- Hamwi came to the vendor’s rescue by wrapping the zalabia around the ice cream in the familiar conical fashion we see today.
- Fortunately, for Hamwi, there were roughly 150 vendors at the World’s Fair and soon people would come to the fair to try the “World’s Far Cornucopia”, later known as the Ice Cream Cone.
- Italo Marchiony patented an invention much like the ice cream cone in 1903.
The Modern-day Waffle Cone
The difference between Marchiony’s cone and Hamwi’s cone is that the former is made of pastry, and the latter is made of waffle, and is what we think of as an ice cream cone today
- It takes 12 lbs. of milk to make just one gallon of ice cream.
- The U.S. enjoys an average of 48 pints of ice cream per person, per year, more than any other country.
- It takes an average of 50 licks to polish off a single-scoop ice cream cone.
- The biggest ice cream sundae in history was made in Edmonton, Alberta, Canada, in 1988, and weighed in at over 24 tons.
- In 2003, Portland, Oregon bought more ice cream per person than any other U.S. city.
Special thanks to icecream.com and summercore.com
Filed under Entertainment, Food, Historical Events & Figures
Tagged as Alberta, Canada, Cone, conical, Cornucopia, Edmonton, Ernest Hamwi, gallon, Hamwi, Ice Cream, Ice Cream Cone, ice cream sundae, ice cream vendor, invention, Italo Marchiony, lbs, lick, Marchiony, milk, Missouri, Oregon, pastries, pastry, patent, Persian, pint, Portland, scoop, St. Louis, sundae, Syrian, vendor, waffle, world's fair, World's Far Cornucopia, Zalabia, zalabia cart
September 7, 2011 · 10:36 am
Fun Facts About Chewing Gum
- An Ohio dentist, William Finley Semple was honored for this work using the first patent to manufacture chewing gum from December 1869. Main ingredients in Semple’s gum formula were charcoal and chalk.
- William Finley Semple, 1889 – 1969
- In 1869, Mexican General Antonio Lopez de Santa Anna told his idea of chicle to Thomas Adams. Adams tried to make toys, masks, and rain boots out of chicle, but neither of his products were commercially successful. In 1869 he simply added flavor to the chicle! That was the first step for creating world’s first modern chewing gum! The first mass marketed chewing gum was called Adams New York Chewing Gum. In the 1870s, Adams & Sons sold “Sour Orange” flavored gum as an after dinner candy. In 1871 Thomas Adams patented a machine for the manufacture of gum. That year Adams created a licorice-flavored gum called Black Jack. However, all the these gums had one big problem, they could not hold flavor.
- The problem with holding flavor was not fixed until 1880, when William White combined sugar and corn syrup with chicle. For better taste he added peppermint extract. He found out, that peppermint stayed in the gum during chewing for much longer than other flavors. He called his first peppermint flavored gum Yucatan gum.
- Wrigley’s Doublemint Gum: a Wrigley/Fleer collaboration
In 1914 William Wrigley and Henry Fleer added mint and fruit extracts to a chewing gum with chicle. This is how Wrigley’s Doublemint, popular brand was created. The Wrigley Company was rapidly becoming an international success. Wrigley brands became known the world over. The first factories were established in United States and soon. Wrigley’s Doublemint factories were established in Canada (1910), Australia (1915), Great Britain (1927) and New Zealand (1939).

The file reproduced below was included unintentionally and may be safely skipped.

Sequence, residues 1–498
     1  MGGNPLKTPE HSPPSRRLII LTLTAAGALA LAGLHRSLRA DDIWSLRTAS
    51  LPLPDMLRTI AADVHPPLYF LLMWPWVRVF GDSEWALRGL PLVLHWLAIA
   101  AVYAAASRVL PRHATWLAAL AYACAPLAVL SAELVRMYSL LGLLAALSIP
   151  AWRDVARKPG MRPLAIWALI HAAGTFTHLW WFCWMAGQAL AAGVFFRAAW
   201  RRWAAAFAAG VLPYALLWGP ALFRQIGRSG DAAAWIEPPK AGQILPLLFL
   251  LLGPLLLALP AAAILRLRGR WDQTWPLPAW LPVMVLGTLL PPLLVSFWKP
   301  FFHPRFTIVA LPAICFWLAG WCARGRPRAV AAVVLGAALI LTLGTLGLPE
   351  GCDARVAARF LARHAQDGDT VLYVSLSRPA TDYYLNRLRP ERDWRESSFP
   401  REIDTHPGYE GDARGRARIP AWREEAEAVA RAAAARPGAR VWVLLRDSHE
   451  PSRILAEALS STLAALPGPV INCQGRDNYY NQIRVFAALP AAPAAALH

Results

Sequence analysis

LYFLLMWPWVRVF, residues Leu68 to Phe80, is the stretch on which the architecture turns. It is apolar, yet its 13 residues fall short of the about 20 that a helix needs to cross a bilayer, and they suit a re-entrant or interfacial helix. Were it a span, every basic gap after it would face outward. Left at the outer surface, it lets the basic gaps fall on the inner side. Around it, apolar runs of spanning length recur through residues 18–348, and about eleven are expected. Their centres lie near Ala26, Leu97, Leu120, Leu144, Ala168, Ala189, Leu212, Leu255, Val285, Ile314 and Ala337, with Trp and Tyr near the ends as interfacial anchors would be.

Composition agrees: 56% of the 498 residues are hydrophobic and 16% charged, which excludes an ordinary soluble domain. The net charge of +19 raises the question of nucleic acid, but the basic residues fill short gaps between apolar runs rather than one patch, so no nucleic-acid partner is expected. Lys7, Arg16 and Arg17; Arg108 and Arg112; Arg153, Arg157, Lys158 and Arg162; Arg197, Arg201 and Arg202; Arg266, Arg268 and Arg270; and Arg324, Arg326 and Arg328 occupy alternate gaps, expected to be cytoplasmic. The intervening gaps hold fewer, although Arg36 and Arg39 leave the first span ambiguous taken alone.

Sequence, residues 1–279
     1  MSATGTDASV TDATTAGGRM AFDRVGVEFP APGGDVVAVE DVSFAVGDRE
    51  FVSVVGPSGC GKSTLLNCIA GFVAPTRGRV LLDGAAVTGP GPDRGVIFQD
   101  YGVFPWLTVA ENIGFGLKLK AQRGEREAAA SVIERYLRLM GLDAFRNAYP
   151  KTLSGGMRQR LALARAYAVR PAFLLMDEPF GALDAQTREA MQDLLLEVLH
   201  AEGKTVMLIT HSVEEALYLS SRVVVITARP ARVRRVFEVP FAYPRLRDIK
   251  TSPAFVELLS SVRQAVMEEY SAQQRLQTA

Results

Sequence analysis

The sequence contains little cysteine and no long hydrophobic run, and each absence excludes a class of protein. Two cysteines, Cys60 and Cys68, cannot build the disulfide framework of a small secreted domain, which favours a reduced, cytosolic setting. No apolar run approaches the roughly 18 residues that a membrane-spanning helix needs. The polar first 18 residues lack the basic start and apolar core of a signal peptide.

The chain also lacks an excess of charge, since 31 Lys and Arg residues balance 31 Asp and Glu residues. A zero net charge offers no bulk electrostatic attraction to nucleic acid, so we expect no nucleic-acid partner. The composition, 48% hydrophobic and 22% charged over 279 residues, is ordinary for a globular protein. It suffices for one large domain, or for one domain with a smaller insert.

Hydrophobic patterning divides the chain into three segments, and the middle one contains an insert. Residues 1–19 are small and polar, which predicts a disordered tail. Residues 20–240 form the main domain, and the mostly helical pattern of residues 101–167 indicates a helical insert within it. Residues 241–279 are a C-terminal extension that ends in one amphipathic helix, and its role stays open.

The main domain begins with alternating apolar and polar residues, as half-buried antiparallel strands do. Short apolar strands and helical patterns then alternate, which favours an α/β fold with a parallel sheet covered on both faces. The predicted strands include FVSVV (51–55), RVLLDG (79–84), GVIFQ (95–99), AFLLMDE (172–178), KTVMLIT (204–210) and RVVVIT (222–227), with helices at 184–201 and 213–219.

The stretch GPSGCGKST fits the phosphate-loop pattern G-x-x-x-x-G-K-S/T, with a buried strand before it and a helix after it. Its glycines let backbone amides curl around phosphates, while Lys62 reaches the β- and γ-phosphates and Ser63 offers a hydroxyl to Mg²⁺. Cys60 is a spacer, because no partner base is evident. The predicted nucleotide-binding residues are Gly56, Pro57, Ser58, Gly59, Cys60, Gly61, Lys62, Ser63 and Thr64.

Fleer spinoff: Double Bubble
- In 1928, an accountant for the Fleer gum company Walter Diemer attempted to make a new rubber product, but he accidentally founded bubble gum, that was not sticky. He called it Double Bubble. Double Bubble this gum was based on original Frank Fleer formula.
- In 1951, the Topps Company reinvented the popularity of bubble gum by adding baseball cards to a package, replacing their previous gift of a single cigarette. Children and parents loved this.
- Some sources indicate that today there are 115 companies that are manufacturing chewing gum, located in 30 countries (41 of them in the United States only!). In many stores that sell chewing gum, you can find more than 30 different brands of it!
- More than 100,000 tons of chewing gum is consumed every year.
- Every year over 374 trillion sticks of chewing gum are made.
- The average person chews over 300 sticks of gum each year!
- In the next 5 years, over 1 million metric tones of chewing gum will be produced.
- The Chewing Gum Industry is profitable market. The world’s chewing gum industry is estimated to be worth approximately US $19 billion.
- Assuming each piece of gum is chewed for 30 minutes, that is 187 billion hours of gum-chewing per year.
- In the beginning, chewing gums were made only by hand! Today almost all gum is made by machine.
- Most chewing gum is purchased between Halloween and Christmas.
- Chewing gum while peeling onions will keep you from crying.
- Humans are the only animals on earth that chew gum.
- Even astronauts chew chewing gum! Only problem is disposal… so they have to swallow them…
- The bubble gum art of Maurizio Savini
Over the last 10 years, Maurizio Savini, an Italian artist, has been creating sculptures using thousands of pieces of chewing gum!
- Today almost 35% of chewing gum is manufactured by Wrigley Company.
- Chewing gum stays in stomach usually a day or two after we eat it – not seven years as you may have heard.
- When children swallow gum one of the biggest dangers is the risk of choking. Children under the age of six should not be given chewing gum (especially no bubble gum).
- Many dentists now widely recommend chewing sugar free gum to their patients.
Special thanks to www.chewinggumfacts.com
Filed under Entertainment, Food, Science, Sports